**Risk Aggregation: A General Approach via the Class of Generalized Gamma Convolutions**

Risk aggregation is virtually everywhere in insurance applications. Indeed, in the vast majority of situations insurers are interested in the properties of the sums of the risks they are exposed to, rather than in the stand-alone risks per se. Unfortunately, the problem of formulating the probability distributions of the aforementioned sums is rather involved, and as a rule does not have an explicit solution. As a result, numerous methods to approximate the distributions of the sums have been proposed, with the moment matching approximations (MMAs) being arguably the most popular. The arsenal of the existing MMAs is quite impressive and contains such very simple methods as the normal and shifted-gamma approximations that, respectively, match the first two and three moments, only, as well as such much more intricate methods as the one based on the mixed Erlang distributions. Note however that in practice the sums of insurance risks can have numerous and just a few summands; in the latter case the normal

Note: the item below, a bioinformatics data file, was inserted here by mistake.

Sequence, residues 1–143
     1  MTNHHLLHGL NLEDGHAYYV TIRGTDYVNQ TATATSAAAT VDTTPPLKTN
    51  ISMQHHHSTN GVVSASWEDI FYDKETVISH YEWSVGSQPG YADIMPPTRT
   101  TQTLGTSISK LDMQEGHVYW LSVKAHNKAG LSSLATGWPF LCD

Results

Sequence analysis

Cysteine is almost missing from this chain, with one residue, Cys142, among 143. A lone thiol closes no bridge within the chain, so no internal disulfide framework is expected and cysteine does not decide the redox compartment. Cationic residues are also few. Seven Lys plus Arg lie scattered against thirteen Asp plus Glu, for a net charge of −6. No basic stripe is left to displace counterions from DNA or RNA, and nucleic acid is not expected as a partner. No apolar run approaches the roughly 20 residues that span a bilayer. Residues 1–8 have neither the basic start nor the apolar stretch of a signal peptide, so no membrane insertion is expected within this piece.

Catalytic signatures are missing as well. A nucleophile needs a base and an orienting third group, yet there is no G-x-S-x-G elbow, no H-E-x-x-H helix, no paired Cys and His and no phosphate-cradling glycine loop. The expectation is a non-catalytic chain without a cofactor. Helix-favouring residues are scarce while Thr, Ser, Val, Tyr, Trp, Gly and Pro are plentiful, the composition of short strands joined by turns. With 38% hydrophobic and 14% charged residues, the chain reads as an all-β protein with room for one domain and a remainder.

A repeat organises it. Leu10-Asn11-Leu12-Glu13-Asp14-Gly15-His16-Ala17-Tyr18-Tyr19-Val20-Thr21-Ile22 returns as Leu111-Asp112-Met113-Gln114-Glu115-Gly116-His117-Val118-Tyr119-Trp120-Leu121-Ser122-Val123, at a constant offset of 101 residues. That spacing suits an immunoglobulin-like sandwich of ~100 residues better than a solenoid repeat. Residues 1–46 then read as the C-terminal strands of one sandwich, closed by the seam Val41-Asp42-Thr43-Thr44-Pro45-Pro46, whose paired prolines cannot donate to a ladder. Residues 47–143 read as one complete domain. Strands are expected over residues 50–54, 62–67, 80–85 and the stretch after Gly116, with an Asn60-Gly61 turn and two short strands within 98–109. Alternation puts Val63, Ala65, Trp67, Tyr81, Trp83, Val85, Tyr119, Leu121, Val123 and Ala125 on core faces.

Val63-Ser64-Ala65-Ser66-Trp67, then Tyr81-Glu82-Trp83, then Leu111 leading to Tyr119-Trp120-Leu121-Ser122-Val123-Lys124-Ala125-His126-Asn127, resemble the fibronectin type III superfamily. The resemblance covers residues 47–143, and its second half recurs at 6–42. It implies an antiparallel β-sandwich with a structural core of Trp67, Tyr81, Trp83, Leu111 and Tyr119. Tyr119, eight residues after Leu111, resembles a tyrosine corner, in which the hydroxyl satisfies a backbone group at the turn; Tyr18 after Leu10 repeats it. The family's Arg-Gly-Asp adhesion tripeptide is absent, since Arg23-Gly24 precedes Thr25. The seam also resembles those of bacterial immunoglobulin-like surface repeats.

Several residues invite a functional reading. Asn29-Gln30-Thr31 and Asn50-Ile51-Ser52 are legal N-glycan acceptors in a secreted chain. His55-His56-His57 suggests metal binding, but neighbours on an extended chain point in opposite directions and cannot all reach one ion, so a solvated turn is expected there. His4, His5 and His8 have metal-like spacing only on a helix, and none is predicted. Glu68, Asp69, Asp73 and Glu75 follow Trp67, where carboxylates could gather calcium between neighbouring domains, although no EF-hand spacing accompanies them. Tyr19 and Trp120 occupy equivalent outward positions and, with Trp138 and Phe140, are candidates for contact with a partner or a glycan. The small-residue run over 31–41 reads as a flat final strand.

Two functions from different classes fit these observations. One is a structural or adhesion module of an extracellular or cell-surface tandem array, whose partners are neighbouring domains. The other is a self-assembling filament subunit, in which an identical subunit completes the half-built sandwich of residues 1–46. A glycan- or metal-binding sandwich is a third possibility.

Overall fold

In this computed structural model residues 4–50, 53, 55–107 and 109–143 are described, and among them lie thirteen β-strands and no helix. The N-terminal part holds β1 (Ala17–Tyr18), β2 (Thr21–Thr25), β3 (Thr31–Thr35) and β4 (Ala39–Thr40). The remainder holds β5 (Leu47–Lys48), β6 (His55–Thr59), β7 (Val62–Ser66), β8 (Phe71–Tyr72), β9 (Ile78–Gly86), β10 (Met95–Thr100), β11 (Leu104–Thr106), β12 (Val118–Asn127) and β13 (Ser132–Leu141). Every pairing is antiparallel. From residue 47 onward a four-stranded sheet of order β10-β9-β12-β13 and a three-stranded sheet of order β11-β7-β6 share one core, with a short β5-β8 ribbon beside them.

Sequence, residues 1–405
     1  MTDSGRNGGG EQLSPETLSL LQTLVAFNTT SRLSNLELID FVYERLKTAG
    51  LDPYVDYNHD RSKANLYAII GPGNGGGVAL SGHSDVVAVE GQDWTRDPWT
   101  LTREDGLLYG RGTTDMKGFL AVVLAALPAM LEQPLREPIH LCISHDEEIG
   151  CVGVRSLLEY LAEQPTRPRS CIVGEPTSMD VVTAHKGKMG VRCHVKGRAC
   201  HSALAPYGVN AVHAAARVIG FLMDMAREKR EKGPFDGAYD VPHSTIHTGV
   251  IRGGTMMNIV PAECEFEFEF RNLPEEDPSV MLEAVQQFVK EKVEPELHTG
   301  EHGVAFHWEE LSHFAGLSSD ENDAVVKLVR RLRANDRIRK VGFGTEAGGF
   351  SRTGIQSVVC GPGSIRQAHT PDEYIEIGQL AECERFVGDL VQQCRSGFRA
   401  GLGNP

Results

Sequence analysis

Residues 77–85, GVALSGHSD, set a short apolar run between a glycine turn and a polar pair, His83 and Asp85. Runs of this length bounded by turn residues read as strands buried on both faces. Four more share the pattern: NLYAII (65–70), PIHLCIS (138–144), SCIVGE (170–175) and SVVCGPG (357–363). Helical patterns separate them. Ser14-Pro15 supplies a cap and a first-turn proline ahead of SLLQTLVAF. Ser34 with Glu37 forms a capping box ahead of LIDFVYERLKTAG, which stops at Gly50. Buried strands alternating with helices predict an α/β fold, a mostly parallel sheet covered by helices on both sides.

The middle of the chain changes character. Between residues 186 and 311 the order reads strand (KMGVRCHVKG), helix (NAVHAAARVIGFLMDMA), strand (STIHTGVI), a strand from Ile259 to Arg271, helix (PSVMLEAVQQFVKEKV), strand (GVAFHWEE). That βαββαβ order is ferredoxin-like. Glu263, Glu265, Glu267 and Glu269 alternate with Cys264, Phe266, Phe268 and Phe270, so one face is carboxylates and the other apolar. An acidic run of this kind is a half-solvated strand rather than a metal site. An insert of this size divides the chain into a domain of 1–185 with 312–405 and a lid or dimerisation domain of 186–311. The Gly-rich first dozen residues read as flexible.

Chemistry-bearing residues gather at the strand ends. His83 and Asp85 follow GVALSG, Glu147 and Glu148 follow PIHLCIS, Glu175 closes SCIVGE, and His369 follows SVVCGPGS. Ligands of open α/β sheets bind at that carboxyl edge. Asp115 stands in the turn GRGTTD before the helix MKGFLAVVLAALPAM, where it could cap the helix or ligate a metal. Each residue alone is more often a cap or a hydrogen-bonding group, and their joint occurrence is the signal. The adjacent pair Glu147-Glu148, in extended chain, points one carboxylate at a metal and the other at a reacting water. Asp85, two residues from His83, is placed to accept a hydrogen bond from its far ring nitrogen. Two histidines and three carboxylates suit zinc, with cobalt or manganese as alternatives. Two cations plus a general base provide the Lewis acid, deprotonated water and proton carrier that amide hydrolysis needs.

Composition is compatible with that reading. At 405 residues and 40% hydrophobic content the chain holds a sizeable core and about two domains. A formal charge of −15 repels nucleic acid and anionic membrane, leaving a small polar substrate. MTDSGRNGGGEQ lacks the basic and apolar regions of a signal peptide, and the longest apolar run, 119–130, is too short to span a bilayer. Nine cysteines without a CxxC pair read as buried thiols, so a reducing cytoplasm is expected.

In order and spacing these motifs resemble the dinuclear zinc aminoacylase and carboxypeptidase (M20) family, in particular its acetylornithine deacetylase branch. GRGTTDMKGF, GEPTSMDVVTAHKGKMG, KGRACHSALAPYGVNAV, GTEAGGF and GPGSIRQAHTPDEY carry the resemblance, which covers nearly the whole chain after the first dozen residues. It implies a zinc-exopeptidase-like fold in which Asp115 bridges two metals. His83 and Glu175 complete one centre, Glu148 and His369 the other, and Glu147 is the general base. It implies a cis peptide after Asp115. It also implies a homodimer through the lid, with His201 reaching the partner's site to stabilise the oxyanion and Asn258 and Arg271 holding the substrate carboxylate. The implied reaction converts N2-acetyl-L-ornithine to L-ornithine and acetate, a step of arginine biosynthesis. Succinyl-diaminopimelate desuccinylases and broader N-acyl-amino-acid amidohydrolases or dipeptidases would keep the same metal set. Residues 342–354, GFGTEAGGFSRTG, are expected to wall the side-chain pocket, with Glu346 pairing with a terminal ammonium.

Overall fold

approximation is very questionable. Also, in practice the distributions of the stand-alone risks can be light-tailed or heavy-tailed; in the latter case moments of higher orders (e.g., second, etc.) may not exist, and so the approximation based on mixed Erlang distributions is of limited usefulness. In this talk I will reveal a refined MMA method for approximating the distributions of the sums of insurance risks. The method approximates the distributions of interest to any desired precision, works equally well for light and heavy-tailed distributions, and is reasonably fast irrespective of the number of the involved summands. (This is a joint work with Justin Miles and Alexey Kuznetsov, York University.)